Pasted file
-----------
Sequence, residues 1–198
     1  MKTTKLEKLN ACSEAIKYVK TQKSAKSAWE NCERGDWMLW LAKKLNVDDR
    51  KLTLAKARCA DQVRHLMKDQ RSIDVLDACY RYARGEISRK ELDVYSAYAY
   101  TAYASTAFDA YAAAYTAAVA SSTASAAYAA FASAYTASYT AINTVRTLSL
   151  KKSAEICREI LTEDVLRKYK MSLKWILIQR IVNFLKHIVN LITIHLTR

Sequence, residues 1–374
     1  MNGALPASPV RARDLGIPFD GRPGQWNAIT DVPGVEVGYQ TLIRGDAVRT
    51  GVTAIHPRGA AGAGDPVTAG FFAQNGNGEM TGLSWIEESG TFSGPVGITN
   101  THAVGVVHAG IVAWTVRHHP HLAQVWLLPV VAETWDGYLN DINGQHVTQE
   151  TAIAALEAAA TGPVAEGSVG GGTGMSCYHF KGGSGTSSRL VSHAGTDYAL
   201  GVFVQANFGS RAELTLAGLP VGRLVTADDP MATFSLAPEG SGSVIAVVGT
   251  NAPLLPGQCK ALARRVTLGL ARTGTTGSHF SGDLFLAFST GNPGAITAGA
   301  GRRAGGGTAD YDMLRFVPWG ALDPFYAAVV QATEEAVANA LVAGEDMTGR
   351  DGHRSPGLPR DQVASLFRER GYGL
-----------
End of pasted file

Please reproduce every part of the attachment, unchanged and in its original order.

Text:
Sequence, residues 1–198
     1  MKTTKLEKLN ACSEAIKYVK TQKSAKSAWE NCERGDWMLW LAKKLNVDDR
    51  KLTLAKARCA DQVRHLMKDQ RSIDVLDACY RYARGEISRK ELDVYSAYAY
   101  TAYASTAFDA YAAAYTAAVA SSTASAAYAA FASAYTASYT AINTVRTLSL
   151  KKSAEICREI LTEDVLRKYK MSLKWILIQR IVNFLKHIVN LITIHLTR

Sequence, residues 1–374
     1  MNGALPASPV RARDLGIPFD GRPGQWNAIT DVPGVEVGYQ TLIRGDAVRT
    51  GVTAIHPRGA AGAGDPVTAG FFAQNGNGEM TGLSWIEESG TFSGPVGITN
   101  THAVGVVHAG IVAWTVRHHP HLAQVWLLPV VAETWDGYLN DINGQHVTQE
   151  TAIAALEAAA TGPVAEGSVG GGTGMSCYHF KGGSGTSSRL VSHAGTDYAL
   201  GVFVQANFGS RAELTLAGLP VGRLVTADDP MATFSLAPEG SGSVIAVVGT
   251  NAPLLPGQCK ALARRVTLGL ARTGTTGSHF SGDLFLAFST GNPGAITAGA
   301  GRRAGGGTAD YDMLRFVPWG ALDPFYAAVV QATEEAVANA LVAGEDMTGR
   351  DGHRSPGLPR DQVASLFRER GYGL